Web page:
After an amazing three days at a recent conference, it was time to head back to Minneapolis.
One crucial pre-flight ritual: downloading enough new content to my Kindle Fire to stay entertained during the 3+ hours of flying and airport time.
As I flipped to the Kindle book store, the first place I started was my recommended list. I will say that, overall, I am always pretty impressed by how well Amazon “gets” me.
In less than two minutes I had made my purchase. Without personalization, faced with the 1 million+ books which are part of the Kindle library, there is a 75% chance I would have never made a purchase at all.
When I think about a company that is personalizing my online experience well, I tend to go right to Amazon. But personalization extends far beyond product recommendations to devices, reviews, calls to actions, and more. This is a subject which aligns well with TopRank’s approach to optimizing for customers. If many people can find your content through search but it’s not engaging, or if the content is hard to find but highly engaging, no one wins. Optimizing customer experience and discovery through search is essential for a win all around.
Leveraging personalization for this purpose was the topic of one of the presentations at the conference I attended: “Personalization: Delivering Customer Content to People and Bots” given by Michael DeHaven of Bazaarvoice and Greg Ott of DemandBase.
I was really interested by the idea of moving beyond product recommendations to other types of personalization, Michael DeHaven outlined four types.
Four Types of Online Personalization
#1: Site Wide Personalization
Site wide personalization refers to serving site content which is personalized to my past behavior on the site, as well as other identifying information the site may know about me – like gender, demographics, etc. An example of this would be customizing the Webinar titles I see on the side bar based on webinars I have attended in the past. A user is much more likely to convert if the content and call to action on the page is customized to them.
#2: Product Recommendations
As mentioned above, personalized product recommendations are pretty standard – although sometimes it’s done really well, and other times it’s not. One of the best examples of doing this well is Amazon.
#3: Evaluation Personalization
Consumers today are highly likely to make decisions based on reviews. Consumers hope that reading reviews, rather than just polished marketing speak, will give them the full story on a product or service. However, customers only want to read about 7 reviews.
As marketers we are charged with making people feel like they have received the full story after only seven reviews. This means that the typical strategy for sorting content – recency or votes of helpfulness – is likely not the key to providing the 7 best reviews.
It is best to serve reviews based on factors which are most compelling to users:
- Sufficiently long
- Inclusive of rich media – like images, video, etc.
- Inclusive SEO targeted keyword phrases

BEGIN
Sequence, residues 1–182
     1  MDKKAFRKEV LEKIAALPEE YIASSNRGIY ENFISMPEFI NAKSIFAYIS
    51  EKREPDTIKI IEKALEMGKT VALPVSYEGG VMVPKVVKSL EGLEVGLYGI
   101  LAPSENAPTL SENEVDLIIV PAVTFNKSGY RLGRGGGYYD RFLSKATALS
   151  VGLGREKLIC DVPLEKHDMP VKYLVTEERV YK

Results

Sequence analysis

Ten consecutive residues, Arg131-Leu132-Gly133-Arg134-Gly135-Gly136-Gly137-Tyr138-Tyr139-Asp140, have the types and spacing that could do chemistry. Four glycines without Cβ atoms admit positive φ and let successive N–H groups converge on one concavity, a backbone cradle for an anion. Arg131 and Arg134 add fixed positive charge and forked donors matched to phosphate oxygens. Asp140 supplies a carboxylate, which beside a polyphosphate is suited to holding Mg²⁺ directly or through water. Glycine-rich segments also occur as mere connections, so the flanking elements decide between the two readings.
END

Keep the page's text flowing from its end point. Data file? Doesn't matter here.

- Use of search terms
Personalization in the evaluation phase can have big results. Michael DeHaven shared an upward lift in conversion rate of 4% for big box retailers and hotel/travel businesses. Of course, different types of reviews were more effective for different types of businesses. For example, rich media was impactful for the retailer, but not essential. Images and videos were key to conversion for the hotel/travel industry.
So don’t generalize. Testing is key to personalization is all phases.
#4: Device Personalization
Personalization goes beyond content and extends to the device. Delivery is very, very important to conversion rates. If you don’t personalize the experience of an iPhone, tablet, etc, then you are likely missing an opportunity.
So now that you know the types of personalization – here are four steps to get started from Greg Ott.
4 Steps to Online Personalization
Step 1: Determine who you are Personalizing For
Personalization for every single visitor who consumes your content is difficult and inefficient. The best course of action is to determine who your best customer is and focus on personalizing their experience.
Step 2: Determine What you Know About Them
Once you know who you are targeting, then you flesh out what you know about that customer, from key attributes, 3rd party data, correlation studies, etc.
Types of Attributes:
- Behavioral (measures short term interest and intent): includes past purchases, previously views, keywords, traffic sources.
- Identity based : includes gender, psychographics, company industry size, customer status (existing, competitive, etc.).
Step 3: Decide what to Show
Based on what you know about your customer, then you decide what you will show them. Use optimization tools, AB testing, and predicative modeling in order to optimize your content. This will be an iterative process, continuously optimizing content based on measurement and testing.
Step 4: Find out if it Works
Use Google Analytics or another testing platform in order to determine if the content is working. Don’t be afraid of bad results. A test isn’t always going to work, but you should publish the results so that your team can see the benefit of the ongoing process of personalization and optimization.
Personalization makes life so much easier for consumers. With each extra click the consumer has to take in order to take the action they want, the more likely they are to drop out of that funnel. So look beyond product recommendations and consider all the aspects of a site you can customize and optimize for your customers.
So what’s your verdict on personalization? Convenient or creepy? Have you started personalizing content yet?
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